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Beer and Cheese 
Pairing Ideas
By Owen Ogletree

Beer works well with cheese.  The carbonation and elegant maltiness of a fine beer compliment the creamy texture and thick mouthfeel of cheese.  The biased opinion that wine goes best with cheese is simply not true.  Wine is very acidic with cheese -- it quickly washes the cheese coating (and flavor) off the tongue.  Beer nurtures the flavors of the cheese in the mouth, thus producing quite an interesting array of remarkable combinations.

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How does one begin to choose a beer to pair with a cheese?  There are several lines of thought here.  A beer that is lighter in body and flavor would be a perfect marriage to a mild, mellow cheese; and, conversely, a dark, rich ale would stand up well to a heavier, more pungent cheese.  Many people prefer their beer and cheese to have similar flavors, while others look for more contrast to keep the taste buds at attention. Beer and cheese from the same country also tend to work well together.  If it is popular to have a certain style of wine with a certain type of cheese, give some thought to which beer may be a close approximation to that wine. With beer and cheese, experimentation is most of the fun.
  • Try a Pilsner Urquell with a mellow white Cheddar cheese.  These two compliment each other so well and produce a beautiful blend of mild, butter-like flavors in the mouth.  It makes sense that the Pilsner style lager that is so popular around the world would go so well with one of the world's most well known lighter cheeses.
  • Asiago is a wonderful cheese that is experiencing new notoriety in cooking circles.  Asiago is a semifirm Italian cow's milk cheese that exhibits a somewhat nutty flavor.  Nibble on some Asiago while sipping a nut brown ale for a smooth, nutty flavor blend that is close to perfection.  Some Asiago can be quite sharp with its strong aroma and flavor; the malty brown ale tends to mellow the cheese.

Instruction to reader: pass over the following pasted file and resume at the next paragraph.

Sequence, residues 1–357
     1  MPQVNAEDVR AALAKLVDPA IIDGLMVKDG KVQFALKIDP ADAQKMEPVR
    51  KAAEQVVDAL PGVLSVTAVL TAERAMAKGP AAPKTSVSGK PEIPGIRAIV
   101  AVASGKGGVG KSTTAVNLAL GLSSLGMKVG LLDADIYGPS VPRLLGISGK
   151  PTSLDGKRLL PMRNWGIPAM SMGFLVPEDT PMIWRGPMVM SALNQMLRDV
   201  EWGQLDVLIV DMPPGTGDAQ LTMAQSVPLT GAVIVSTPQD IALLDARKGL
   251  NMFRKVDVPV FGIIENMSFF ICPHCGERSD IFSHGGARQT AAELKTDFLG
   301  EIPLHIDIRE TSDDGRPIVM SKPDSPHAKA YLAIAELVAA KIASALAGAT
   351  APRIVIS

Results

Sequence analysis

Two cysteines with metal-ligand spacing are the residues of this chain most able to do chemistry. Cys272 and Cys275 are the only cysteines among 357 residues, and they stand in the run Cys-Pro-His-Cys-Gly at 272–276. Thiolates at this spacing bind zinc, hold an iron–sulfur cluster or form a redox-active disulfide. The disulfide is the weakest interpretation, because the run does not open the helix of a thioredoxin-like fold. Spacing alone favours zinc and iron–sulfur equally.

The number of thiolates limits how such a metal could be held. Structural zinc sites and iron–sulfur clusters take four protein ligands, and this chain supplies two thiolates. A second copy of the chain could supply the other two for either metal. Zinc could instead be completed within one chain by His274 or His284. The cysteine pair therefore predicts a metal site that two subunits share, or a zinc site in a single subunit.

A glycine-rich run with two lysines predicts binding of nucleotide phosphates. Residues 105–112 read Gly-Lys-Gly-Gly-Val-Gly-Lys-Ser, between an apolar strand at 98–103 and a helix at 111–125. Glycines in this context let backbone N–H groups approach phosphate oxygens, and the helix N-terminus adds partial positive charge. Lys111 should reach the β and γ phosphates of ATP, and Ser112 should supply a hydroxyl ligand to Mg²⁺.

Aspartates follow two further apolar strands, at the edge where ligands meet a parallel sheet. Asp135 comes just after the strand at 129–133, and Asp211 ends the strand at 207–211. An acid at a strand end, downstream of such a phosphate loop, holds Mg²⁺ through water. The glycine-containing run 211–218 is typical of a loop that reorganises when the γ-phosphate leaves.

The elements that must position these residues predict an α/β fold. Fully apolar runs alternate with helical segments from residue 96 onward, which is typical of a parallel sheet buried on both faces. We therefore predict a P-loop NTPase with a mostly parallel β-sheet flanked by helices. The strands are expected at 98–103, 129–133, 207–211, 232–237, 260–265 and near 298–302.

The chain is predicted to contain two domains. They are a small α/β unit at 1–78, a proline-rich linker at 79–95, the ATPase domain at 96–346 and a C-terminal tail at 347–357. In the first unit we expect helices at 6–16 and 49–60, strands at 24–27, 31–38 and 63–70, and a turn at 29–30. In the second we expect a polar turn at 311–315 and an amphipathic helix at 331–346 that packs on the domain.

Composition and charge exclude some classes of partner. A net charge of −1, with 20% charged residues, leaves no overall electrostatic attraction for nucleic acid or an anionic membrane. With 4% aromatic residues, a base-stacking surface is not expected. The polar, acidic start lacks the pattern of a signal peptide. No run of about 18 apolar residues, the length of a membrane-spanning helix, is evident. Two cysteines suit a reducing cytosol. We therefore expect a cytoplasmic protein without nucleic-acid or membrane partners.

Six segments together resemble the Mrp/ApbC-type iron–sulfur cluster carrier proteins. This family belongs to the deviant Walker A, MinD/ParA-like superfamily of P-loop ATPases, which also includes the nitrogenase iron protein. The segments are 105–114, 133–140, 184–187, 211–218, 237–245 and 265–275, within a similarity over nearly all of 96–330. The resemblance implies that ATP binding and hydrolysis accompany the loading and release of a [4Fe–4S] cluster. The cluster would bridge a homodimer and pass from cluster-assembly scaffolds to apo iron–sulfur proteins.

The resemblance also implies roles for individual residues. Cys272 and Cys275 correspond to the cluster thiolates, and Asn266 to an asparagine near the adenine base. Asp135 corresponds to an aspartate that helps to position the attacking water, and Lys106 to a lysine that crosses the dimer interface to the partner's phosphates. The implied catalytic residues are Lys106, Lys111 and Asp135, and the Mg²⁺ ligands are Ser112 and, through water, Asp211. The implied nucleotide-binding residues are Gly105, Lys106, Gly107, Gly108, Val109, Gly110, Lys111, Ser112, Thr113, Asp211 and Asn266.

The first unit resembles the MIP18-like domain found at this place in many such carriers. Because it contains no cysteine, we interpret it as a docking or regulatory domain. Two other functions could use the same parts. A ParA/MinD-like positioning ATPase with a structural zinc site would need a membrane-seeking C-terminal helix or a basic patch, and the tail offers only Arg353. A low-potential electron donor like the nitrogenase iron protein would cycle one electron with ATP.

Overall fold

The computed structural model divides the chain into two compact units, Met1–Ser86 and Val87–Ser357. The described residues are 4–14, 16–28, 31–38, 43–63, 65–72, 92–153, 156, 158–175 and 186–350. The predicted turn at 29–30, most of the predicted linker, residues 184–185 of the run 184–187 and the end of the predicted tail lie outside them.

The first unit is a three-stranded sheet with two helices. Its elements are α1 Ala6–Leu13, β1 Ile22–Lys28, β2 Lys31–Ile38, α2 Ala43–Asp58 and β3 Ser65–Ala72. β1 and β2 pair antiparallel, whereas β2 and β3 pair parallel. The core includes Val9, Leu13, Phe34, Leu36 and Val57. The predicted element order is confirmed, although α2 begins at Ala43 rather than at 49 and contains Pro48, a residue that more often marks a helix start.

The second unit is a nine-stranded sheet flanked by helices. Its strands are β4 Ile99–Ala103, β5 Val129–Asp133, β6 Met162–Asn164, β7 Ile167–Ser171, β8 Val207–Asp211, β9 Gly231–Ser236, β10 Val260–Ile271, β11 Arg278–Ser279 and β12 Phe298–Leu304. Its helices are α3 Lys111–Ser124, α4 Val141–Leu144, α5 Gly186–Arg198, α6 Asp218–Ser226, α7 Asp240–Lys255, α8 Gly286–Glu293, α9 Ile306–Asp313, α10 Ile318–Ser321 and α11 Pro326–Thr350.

• A malty beer would also be tasty with a bit of Gruyere.  Gruyere is a creamy, unpasteurized cheese from Switzerland with a flavor that tends to start out somewhat light and fruity and end up nutty and earthy.  A malty Bock, Munich Dunkel, or Oktoberfest would be a great beer match to the rich flavor of this cheese.
  • The hop flavor and bitterness of a classic pale ale tends to be enhanced by the smooth flavor and somewhat bread-like texture of Provolone.  Provolone is a semi-hard, all purpose cheese that can be quite mild when young and more sharp, smoky, and spicy when aged.  Cabernet Sauvignon wine is often served with Provolone, and many would consider the dryness and bitterness of a good pale ale to be reminiscent of a Cabernet.
  • If the floral, fruity flavors of a Chardonnay cleanse the palate after a taste of rich Brie or Camembert cheese, it follows that a German kolsch, Belgian blond ale, or French Biere de Garde would accomplish the same thing.  These pale beers have mild to moderate fruity esters produced by their yeast that are in lovely opposition to the thick, rich, pungent nature of French Brie.  Brie, considered to be a nice dessert cheese, can also go quite well with a stout.
  • Banon is a French goat's milk cheese that is wrapped, cured, and served in chestnut leaves; it is sometimes washed in Cognac.  Banon has a mild, citrus flavor and a herbal, earthy character from the influence of the leaves.  The malty, butterscotch flavors of a Scottish ale make a fantastic compliment to this cheese.  Banon, often difficult to find in local cheese shops, can be ordered from some gourmet sites on the internet and ships fairly well.